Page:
Multi-hop is the current communication architecture of wireless mesh and ad hoc networks. Information is relayed from each source to its destination in successive transmissions between intermediate nodes. A major problem regarding this architecture is its poor performance at large system size: as the number of users in a wireless network increases, the communication rate for each user rapidly decreases. Can we design new communication architectures that significantly increase the capacity of large wireless networks?
In this monograph, we present a scaling law characterization of the information-theoretic capacity of wireless networks, which sheds some light on this question. We show that the answer depends on the parameter range in which a particular network lies, namely the operating regime of the network. There are operating regimes where the information-theoretic capacity of the network is drastically higher than the capacity of conventional multi-hop. New architectures can provide substantial capacity gains here. We determine what these regimes are and investigate the new architectures that are able to approach the information-theoretic capacity of the network. In some regimes, there is no way to outperform multi-hop. In other words, the conventional multi-hop architecture indeed achieves the information-theoretic capacity of the network. We discuss the fundamental factors limiting the capacity of the network in these regimes and provide an understanding of why conventional multi-hop indeed turns out to be the right architecture.
The monograph is structured as follows: In Section 2, we discuss the role of interference in wireless networks. We show that while current communication architectures are fundamentally limited by interference, new architectures based on distributed MIMO communication can overcome this interference limitation, yielding drastic performance improvements. Section 3 discusses the impact of power. We show that in power-limited regimes, distributed MIMO-based techniques are important not only because they remove interference but also because they provide received power gain. We identify the power-limited operating regimes of wireless networks and define the engineering quantities that determine the operating regime of a given wireless network. We show that unless the wireless network operates in a severely power-limited regime, distributed MIMO communication provides significant capacity gain over current techniques. Finally, in Section 4, we study how the area of the network, i.e., space, impacts the capacity of the network. This study enriches the earlier picture by adding new operating regimes where wireless networks can be moderately or severely space-limited. We see that unless the network is severely limited in space, distributed-MIMO-based communication continues to provide drastic improvements over conventional multi-hop.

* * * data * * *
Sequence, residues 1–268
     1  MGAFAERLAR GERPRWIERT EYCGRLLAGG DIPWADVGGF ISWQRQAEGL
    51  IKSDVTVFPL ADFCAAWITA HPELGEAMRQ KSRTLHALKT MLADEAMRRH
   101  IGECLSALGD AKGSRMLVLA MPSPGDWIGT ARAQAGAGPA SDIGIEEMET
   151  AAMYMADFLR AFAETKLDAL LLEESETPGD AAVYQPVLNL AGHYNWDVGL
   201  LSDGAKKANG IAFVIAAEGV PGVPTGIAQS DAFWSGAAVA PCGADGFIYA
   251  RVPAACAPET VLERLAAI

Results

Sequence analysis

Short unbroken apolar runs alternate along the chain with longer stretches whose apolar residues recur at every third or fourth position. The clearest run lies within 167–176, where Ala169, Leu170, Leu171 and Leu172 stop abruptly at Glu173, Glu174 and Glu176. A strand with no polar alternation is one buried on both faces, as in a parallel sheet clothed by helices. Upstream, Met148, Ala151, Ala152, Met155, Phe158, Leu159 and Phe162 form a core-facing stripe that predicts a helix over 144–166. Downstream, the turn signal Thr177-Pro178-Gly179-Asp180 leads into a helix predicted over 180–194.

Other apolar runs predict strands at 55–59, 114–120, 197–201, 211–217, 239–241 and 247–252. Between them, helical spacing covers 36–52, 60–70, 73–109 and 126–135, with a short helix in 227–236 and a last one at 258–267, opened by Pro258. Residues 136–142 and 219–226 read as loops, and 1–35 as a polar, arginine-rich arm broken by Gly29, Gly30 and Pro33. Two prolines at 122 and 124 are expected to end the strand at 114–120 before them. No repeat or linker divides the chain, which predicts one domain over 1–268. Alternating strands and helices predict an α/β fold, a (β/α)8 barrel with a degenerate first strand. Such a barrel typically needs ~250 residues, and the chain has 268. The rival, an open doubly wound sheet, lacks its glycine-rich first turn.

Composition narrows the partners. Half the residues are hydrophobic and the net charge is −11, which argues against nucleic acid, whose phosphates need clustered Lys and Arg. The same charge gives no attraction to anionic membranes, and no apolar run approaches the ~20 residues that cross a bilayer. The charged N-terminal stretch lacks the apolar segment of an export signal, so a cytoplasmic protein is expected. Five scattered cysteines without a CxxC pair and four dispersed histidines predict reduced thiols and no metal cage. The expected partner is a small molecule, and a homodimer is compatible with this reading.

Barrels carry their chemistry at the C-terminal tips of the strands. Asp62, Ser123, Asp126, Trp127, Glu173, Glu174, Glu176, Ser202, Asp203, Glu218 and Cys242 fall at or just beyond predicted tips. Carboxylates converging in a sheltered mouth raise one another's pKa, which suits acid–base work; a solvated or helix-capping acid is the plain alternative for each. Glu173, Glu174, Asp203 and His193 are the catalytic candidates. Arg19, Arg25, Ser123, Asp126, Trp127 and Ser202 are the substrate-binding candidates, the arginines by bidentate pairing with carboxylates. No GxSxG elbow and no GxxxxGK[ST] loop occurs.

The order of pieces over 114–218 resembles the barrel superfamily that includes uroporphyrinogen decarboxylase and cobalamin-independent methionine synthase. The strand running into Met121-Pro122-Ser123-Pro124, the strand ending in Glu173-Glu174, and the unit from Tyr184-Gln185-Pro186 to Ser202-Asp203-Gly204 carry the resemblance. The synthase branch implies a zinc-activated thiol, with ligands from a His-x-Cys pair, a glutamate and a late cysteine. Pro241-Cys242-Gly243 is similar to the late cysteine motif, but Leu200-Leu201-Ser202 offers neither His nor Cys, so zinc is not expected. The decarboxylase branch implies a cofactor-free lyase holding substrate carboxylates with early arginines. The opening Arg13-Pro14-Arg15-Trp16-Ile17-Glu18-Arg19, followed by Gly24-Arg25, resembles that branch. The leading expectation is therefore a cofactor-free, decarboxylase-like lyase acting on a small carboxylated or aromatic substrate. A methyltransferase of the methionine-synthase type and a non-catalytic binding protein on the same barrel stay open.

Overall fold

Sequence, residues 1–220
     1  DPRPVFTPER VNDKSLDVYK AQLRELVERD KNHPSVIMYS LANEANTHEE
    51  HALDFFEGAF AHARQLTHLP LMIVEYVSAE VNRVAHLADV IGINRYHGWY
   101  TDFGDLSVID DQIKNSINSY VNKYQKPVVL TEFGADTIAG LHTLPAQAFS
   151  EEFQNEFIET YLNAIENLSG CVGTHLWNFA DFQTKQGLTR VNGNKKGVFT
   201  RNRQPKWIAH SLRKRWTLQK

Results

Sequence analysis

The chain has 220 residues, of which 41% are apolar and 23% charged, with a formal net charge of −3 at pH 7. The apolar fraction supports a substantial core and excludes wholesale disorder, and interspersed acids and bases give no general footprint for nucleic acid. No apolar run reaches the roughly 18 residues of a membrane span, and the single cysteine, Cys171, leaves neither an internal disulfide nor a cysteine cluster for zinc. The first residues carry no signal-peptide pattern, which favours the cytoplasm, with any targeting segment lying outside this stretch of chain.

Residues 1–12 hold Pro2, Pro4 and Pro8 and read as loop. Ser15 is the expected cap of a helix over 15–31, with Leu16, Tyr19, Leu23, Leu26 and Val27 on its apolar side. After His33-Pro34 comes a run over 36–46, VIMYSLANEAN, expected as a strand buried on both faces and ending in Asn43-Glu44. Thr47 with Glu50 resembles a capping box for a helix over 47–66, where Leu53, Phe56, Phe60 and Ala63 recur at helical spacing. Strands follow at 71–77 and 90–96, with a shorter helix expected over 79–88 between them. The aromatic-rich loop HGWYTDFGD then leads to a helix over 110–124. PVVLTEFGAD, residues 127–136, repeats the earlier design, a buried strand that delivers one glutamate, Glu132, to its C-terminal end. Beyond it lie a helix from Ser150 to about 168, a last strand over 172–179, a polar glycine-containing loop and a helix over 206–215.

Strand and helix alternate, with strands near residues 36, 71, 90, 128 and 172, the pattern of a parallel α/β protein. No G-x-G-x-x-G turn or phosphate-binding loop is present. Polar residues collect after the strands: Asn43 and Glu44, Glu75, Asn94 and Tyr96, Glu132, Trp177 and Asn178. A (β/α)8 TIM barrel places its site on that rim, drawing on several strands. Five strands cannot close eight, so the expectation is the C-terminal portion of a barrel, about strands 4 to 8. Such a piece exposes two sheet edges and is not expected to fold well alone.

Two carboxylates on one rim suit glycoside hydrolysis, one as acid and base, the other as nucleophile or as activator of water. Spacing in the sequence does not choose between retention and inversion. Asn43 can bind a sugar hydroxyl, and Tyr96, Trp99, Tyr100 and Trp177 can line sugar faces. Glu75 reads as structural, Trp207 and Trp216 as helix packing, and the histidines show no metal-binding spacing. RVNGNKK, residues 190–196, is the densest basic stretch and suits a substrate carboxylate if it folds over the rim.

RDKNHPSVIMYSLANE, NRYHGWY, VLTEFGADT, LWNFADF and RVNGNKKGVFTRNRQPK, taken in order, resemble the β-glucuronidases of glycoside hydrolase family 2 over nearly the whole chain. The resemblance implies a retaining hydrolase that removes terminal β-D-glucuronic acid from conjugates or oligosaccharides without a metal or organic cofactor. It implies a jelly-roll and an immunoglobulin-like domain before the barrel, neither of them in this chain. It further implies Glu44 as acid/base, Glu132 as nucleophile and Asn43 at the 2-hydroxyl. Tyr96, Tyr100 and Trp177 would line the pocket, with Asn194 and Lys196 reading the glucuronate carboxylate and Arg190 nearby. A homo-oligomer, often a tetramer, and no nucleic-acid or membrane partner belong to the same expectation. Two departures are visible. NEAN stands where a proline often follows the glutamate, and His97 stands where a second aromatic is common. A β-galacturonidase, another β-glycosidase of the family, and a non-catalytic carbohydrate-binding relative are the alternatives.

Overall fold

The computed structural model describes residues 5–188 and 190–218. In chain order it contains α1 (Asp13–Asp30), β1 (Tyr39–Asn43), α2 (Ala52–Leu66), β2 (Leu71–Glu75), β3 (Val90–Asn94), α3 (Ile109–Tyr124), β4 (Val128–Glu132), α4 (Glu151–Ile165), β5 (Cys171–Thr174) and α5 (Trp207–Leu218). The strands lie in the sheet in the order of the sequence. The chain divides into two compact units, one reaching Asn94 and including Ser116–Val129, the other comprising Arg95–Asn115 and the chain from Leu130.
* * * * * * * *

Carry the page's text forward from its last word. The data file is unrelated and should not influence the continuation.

The current communication architectures of wireless mesh and ad hoc networks are fundamentally limited by interference between simultaneous transmissions. This interference limitation leads to poor performance in large networks, where there are typically many source-destination pairs that want to communicate simultaneously: as the number of users in the network increases, the communication rate for each pair rapidly decreases. Given the increasing need to connect a massive number of wireless devices and to support various resource-intensive applications today, this poses a big challenge in the proliferation of such networks. Can we design new architectures that significantly increase the capacity of large wireless networks? Operating Regimes of Large Wireless Networks answers this question based on a scaling law characterization of the information-theoretic capacity of wireless networks. It shows that the information-theoretic capacity of wireless networks is much larger than the capacity of current architectures. In particular, the interference barrier limiting current performances can be surpassed with a combination of physical layer and architectural ideas and such new architectures can provide dramatic performance gains in large networks. Operating Regimes of Large Wireless Networks identifies the fundamental operating regimes and system parameters in wireless networks, clarifies the impacts of main limiting factors, such as interference, power and space, and suggests architectural guidelines for the design of optimal architectures. It aims to provide a basis for engineers in the field of wireless communications and networking to explore new directions and methods for designing the future of wireless networks.